I desided to visit a spot that I hadn't been to yet this year. I'd \"grommed\" this spot for several years and figured this year I should be able to pull an easy lb out of it. It's a ways from home and time hadn't worked out for me to get there earlier. When I got there I was devisated to see it was being clear cut. I walked around in the valley like someone does after a tornado comes threw and that's what it looked like. On one of the very best spots they had cut a skidder road in and either cut the sang out or covered it up. If I'd only knew. I'd have dug as much as I could, saved berries and any small roots and replanted them and then \"brought them back home\" once they could make it again. Will the sang not covered up die off or could it go dormant and not come back up until it gets some cover?
That is very sad news Hunter so sory man thats a hard thing.
There is one thing that may be ok though.
Living in Ky I am all to well knowledged about and with clearcutting going on.
So yes that seng will come back up after there gone if they didnt see it and dig it before they cleared the spot.Ginseng is very strong and will grow again after this I have seen sevral times that it did.You may loose some but the strongest that didnt get cut up will survive.
I hope that is at least a little bit of good news.
That is a bummer man. My best advice is to get out very early in the season next year and dig every legal plant. The ones that are small could be transplanted to another spot. If its clearcut it not likey that many young plants will survive multiple years of direct sunlight, but if they aren't covered up by a 6 inches or more of soil they may sprout next year and hold on till the start of digging season. If there is no shade for them though they will yellow and wilt very early. This same thing happened to me 20 some years ago and this is what i did.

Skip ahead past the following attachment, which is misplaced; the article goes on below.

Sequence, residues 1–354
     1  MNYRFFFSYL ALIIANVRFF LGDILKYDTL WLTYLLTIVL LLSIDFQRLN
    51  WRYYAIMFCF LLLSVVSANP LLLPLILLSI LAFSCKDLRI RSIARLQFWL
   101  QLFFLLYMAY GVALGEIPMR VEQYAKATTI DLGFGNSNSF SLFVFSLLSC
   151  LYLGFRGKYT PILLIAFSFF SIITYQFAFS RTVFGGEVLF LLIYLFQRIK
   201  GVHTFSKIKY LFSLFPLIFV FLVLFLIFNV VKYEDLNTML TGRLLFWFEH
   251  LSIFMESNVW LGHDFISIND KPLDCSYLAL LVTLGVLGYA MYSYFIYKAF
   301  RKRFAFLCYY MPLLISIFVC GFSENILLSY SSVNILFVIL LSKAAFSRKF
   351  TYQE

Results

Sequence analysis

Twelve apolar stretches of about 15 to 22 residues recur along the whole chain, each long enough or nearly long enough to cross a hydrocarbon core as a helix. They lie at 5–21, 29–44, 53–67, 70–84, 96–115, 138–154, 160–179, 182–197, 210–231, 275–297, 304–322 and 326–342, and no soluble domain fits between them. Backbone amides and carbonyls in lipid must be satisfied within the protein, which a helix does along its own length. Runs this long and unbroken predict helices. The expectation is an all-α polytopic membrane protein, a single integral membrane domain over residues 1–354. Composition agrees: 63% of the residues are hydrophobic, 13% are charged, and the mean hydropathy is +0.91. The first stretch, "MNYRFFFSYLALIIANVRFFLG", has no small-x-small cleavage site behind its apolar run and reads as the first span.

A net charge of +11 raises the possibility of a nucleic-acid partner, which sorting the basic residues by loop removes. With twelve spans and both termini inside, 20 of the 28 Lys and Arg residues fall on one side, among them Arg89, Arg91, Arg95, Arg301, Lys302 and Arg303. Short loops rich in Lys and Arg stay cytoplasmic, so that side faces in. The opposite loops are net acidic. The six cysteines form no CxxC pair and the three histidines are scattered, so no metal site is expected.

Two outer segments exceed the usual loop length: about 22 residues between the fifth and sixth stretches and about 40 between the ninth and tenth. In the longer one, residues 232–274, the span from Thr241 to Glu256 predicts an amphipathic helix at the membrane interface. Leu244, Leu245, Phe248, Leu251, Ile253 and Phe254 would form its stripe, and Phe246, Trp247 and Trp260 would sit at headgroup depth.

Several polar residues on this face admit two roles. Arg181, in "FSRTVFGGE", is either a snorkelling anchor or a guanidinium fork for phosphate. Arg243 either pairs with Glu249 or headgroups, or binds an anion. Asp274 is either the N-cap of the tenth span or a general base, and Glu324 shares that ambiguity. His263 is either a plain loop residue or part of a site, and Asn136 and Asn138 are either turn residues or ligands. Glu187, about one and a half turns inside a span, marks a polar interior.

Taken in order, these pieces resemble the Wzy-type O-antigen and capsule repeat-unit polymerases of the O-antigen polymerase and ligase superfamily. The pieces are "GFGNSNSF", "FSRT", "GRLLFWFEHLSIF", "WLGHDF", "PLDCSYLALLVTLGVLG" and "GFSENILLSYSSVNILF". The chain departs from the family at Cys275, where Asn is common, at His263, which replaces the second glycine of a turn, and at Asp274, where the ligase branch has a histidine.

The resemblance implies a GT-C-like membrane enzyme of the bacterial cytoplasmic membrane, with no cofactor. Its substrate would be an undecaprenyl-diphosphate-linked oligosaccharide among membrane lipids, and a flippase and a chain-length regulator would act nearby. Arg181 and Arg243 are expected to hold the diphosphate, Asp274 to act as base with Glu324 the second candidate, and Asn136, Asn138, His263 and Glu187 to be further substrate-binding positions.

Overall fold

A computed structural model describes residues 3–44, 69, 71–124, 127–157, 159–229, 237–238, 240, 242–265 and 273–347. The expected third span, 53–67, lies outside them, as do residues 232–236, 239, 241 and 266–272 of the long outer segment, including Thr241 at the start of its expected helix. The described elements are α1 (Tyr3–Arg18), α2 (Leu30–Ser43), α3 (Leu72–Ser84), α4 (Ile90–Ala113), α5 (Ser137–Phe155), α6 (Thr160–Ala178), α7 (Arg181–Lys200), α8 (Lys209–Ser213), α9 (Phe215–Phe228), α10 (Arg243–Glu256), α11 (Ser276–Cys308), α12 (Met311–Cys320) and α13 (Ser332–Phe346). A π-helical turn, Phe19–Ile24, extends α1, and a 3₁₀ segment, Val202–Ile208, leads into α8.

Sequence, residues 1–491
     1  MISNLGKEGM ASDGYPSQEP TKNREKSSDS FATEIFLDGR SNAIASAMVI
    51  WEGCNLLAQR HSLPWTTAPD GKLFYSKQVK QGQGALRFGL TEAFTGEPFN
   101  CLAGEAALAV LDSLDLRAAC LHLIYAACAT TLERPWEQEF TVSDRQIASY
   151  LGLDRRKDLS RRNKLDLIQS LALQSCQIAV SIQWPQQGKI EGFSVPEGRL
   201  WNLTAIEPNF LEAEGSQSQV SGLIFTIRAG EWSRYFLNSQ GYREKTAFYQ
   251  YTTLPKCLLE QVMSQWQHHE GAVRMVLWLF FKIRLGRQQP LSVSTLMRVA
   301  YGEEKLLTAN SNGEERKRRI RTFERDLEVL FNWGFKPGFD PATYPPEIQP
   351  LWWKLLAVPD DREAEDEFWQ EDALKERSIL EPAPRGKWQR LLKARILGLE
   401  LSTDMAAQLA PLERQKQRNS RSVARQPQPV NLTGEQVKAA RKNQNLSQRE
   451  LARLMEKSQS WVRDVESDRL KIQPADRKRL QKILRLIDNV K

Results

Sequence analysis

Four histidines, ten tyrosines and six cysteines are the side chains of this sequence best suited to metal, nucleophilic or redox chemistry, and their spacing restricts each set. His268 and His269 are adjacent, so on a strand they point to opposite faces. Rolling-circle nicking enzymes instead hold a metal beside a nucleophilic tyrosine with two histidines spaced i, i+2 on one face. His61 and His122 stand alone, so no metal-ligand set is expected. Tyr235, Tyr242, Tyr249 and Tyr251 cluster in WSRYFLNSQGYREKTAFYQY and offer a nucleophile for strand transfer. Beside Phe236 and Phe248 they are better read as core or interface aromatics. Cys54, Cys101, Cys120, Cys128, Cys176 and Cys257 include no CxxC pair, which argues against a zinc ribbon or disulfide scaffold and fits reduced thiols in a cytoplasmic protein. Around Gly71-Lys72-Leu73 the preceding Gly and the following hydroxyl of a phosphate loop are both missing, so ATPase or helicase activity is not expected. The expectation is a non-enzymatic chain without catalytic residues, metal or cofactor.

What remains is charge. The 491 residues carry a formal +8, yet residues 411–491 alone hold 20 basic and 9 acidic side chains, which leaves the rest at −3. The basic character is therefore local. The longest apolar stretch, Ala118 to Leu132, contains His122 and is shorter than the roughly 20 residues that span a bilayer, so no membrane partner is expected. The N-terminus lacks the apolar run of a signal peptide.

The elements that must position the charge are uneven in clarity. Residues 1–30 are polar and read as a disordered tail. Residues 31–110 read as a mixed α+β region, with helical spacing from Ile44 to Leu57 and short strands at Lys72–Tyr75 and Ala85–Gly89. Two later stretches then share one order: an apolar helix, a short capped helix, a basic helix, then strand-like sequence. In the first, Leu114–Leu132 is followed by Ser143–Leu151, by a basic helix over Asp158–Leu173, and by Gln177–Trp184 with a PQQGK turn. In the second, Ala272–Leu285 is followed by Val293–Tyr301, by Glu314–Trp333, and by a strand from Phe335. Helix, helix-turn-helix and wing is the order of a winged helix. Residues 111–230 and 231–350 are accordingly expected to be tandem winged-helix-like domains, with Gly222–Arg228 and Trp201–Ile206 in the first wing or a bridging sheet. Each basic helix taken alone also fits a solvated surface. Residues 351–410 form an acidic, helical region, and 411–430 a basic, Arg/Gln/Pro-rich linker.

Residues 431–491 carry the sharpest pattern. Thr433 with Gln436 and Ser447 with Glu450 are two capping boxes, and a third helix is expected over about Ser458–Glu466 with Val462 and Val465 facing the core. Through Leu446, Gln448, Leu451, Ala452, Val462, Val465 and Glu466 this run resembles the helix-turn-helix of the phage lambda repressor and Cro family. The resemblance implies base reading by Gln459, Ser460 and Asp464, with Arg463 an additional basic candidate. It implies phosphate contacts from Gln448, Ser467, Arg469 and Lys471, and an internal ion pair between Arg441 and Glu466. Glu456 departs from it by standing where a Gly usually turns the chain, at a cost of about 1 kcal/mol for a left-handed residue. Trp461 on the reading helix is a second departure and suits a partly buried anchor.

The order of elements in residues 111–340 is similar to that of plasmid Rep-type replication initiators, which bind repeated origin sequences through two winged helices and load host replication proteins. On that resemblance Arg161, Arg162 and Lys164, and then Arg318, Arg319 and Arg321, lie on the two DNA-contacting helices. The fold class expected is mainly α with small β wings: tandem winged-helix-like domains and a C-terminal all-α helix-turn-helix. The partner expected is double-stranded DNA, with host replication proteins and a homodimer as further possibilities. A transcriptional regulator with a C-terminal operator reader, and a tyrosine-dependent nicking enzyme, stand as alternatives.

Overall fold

I don't remeber a skidder going through where the seng was though. On a side note I just went back to the spot that was clear cut this fall and found about a dozen diggable 3-prongs. Nothing with more than 17 scars on the neck. I dont know if a feww laid dormant for a while, or if some seed int he ground sprouted later or what. I'm not sure how old you are, but store this info in your memory banks if you think you'll still be able to dig in 20 years or pass it along to someone else then. Good luck hunter!
this reminds me of a sinking feeling i had when i came on one of my spots this year. I know of a holler that has a dense seng population, which i have been digging for 5 or so years intermittently. i went this spring to do some 'grooming' as you had done, and all looked to be good, save for a group of college students (to whom i gave little thought). this fall, when i went out to dig, i came upon a couple of kids with burlap sacks....heartsink..... they had destroyed the crop.... baby plants and all... so i hung my head, and proceeded to go to the truck to get seed to plant.... i then moved way on up to a spot that would not be so accessible and planted.... i could have nearly cried.
A ray of hope for you Elijah, clear cuts are one of my favorite spots. It may take 4-8 years but what will be there when you return could be some of the best digging you could have. A valley I hunted 8 years ago and did well in was clear cut the following year, as you I was heart broke. This year I returned and harvested 4.3 lbs and a dozen where near 4 ounces (hence the debate about sang going dormant and growing)pics to be posted. So keep your head up brother.
I too had a heartbreaking hunt this morning. I hiked 3 miles though the rain to get to some out of the way hollows. I had never been to this spot before, but it looked good on the topo maps. I waded through maiden hair ferns and 3-4 foot high cohash. All the while thinking that this was one of the best looking hollows i had ever been too.
This hollow that should have been loaded with seng was instead empty. This is a massive hollow with 5 diffrent coves coming together into one. Whoever has been there didnt leave a single plant, not even 1-2 prongs.
I live in the NW corner of Georgia, and im starting to get seriously concerned. Im thinking about not even digging it anymore. Hell, my parents had to run some guy off who was digging it in JULY on thier property. I love to go senging, but around here, its starting to become pretty scarce. I always replant and leave and break off the little ones.
Sucks because sengin has been in my family for a long time. Im the 3rd generation to go hunt it, and i look foward to teaching my kids. Anyways im rambling, maybe all i need is a good sang hunt to make me feel better about all this.